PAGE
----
Frequently Asked Questions

Spinal Touch

What is it?  Massage?  Manipulation? Or what?

Hard to say.  Certainly not manipulation.  I suppose that technically,  you’d have to  say it is massage, because of the very gentle short rubbing motion of the fingertip which is used.  On the other hand, it doesn’t feel like any other massage I’ve ever had – and I’ve had quite a few.

Does it hurt?

Not in my experience, - and it was my experience of it and its benefits which led me to want to practice Spinal Touch, because I had been on the receiving end, and found it so good.  There have been times when it hurt to get on the couch, but the Spinal Touch itself has not hurt.  I have occasionally come across clients where one particular muscle group has been so tense and tender that it has been necessary to proceed with quite exceptional delicacy.  My advice would be that if you try it, and it does hurt, don’t proceed with Spinal Touch at that point.  For myself, I would then use Skenar until the pain was resolved, or substantially eased and return to Spinal Touch treatment when that was accomplished – an approach which might suit you too.

Sometimes clients are very ticklish for the first few sessions, but I have found this to stem from subtle muscle tension, and it goes when this eases.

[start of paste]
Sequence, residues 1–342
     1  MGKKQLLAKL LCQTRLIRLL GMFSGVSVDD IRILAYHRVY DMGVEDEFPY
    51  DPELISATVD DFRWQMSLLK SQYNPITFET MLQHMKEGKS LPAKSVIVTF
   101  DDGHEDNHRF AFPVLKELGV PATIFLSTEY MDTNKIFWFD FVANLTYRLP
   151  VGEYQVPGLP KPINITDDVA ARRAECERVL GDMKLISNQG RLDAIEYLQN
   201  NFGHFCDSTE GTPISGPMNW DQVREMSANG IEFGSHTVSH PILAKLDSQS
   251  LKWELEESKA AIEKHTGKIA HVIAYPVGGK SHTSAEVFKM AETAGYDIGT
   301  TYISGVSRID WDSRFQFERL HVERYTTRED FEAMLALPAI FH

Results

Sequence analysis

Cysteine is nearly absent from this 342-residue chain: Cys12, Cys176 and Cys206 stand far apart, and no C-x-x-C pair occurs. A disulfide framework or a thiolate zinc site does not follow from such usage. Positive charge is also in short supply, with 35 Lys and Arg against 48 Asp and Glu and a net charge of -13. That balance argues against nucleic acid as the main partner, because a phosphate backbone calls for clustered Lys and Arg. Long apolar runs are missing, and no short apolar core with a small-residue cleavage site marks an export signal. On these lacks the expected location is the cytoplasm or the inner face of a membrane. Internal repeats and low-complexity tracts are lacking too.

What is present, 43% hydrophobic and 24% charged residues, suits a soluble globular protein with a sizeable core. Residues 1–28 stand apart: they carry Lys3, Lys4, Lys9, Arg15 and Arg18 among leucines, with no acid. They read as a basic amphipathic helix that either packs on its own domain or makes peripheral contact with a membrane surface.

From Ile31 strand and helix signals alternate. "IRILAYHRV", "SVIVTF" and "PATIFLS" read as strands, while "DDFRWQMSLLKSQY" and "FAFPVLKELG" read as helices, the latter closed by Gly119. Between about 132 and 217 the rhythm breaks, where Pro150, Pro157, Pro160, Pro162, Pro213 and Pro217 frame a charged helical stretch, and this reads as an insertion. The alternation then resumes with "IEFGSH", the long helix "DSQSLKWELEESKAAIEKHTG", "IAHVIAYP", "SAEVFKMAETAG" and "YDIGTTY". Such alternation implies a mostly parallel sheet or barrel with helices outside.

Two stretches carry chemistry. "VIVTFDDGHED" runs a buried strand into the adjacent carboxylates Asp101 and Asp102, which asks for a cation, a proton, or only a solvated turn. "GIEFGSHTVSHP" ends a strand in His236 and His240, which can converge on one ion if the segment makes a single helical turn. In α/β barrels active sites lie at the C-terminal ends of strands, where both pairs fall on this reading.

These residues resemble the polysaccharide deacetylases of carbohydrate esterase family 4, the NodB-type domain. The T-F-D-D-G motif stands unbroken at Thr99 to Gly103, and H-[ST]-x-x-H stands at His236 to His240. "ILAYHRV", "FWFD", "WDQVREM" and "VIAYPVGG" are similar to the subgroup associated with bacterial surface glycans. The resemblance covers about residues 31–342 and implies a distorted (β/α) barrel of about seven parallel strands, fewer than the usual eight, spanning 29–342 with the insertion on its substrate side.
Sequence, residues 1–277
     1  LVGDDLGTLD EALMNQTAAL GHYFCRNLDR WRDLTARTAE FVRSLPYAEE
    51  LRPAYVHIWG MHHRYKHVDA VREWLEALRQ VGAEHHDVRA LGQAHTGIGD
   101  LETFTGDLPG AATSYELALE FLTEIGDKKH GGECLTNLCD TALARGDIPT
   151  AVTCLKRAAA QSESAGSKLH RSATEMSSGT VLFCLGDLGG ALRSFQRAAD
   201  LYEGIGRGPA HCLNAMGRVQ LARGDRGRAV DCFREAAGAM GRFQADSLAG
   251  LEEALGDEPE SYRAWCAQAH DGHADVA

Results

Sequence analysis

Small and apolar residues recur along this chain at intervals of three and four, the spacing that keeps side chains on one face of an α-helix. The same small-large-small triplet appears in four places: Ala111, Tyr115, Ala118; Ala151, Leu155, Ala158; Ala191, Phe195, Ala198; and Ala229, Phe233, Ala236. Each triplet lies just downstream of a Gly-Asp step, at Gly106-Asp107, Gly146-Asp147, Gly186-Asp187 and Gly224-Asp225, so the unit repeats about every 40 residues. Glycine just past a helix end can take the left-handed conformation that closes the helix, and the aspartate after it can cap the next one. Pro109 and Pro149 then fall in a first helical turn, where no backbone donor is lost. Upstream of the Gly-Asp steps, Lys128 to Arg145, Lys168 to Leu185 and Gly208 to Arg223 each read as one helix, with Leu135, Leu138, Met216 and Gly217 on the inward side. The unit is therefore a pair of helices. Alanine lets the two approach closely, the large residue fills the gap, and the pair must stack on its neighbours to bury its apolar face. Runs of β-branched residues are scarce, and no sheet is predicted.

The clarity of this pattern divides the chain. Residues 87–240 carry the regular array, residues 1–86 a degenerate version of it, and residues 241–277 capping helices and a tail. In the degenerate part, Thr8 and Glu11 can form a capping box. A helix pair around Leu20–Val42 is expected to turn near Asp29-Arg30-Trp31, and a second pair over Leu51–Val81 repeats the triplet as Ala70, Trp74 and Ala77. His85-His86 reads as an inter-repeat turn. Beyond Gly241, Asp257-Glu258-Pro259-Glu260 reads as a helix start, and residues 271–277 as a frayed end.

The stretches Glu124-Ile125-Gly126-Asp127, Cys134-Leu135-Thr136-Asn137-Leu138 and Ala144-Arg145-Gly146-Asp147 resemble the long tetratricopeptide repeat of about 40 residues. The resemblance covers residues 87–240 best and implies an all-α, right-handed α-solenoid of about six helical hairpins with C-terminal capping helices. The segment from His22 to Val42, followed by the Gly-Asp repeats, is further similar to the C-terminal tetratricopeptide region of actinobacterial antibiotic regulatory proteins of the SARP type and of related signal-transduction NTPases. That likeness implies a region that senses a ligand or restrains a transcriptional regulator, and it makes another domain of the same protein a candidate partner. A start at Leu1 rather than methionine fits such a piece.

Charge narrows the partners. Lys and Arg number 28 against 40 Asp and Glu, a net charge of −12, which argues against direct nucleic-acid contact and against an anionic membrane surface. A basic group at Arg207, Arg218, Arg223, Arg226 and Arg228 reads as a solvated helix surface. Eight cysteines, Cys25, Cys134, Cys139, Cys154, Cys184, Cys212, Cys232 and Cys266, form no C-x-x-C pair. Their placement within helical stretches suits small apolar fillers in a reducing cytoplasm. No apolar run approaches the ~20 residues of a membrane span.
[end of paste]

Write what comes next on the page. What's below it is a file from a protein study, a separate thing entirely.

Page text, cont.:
In general, the experience of Spinal Touch is the opposite of painful.  It is exceptionally relaxing and after the first session, when it all seems a bit strange and unfamiliar, you can often get a degree of relaxation after 20 minutes which might take two or three times as long with massage.  Sometimes it is so relaxing that clients find it too much effort to talk during a treatment, and it is common for clients to fall asleep during the treatment; something which is in no way detrimental to the effectiveness of Spinal Touch.

What can Spinal Touch treatment be used for?

A wide range – back pain principally but also shoulder and neck stiffness, tenderness in the hip and thighs, stress, relaxation, etc.

One of the most notable features of Spinal Touch in practice, is the affection for it, not only among its rather few practitioners; but also among its clients, who seem to look forward to it more than with most therapies, and will often continue to have occasional maintenance treatments for years, because they find them helpful, but also so enjoyable.

Do I need to undress?

Down to your underwear.  The first part of the process involves an assessment of the line of the body against a plumbline, and this is usually repeated after treatment.  It is essential to be able to judge the line of the spine and of the pelvis, and this cannot be done clothed.  During treatment, the parts of the body not being actively treated will usually be covered with towels.

How long is a session?

Usually an hour, which includes time for discussion.  If other therapies such as Skenar are used as well, it may be longer.

What do I need to do afterwards?

1. Drink plenty of water to help the body flush out toxins which have been held in once tight muscles which have now relaxed.

2. Rest, to allow the body to optimise its energy channels without further stress or depletion.

3. Observe any changes and reaction in your body (or lack of them) over the next few days and note them down so you can give feedback at your next session.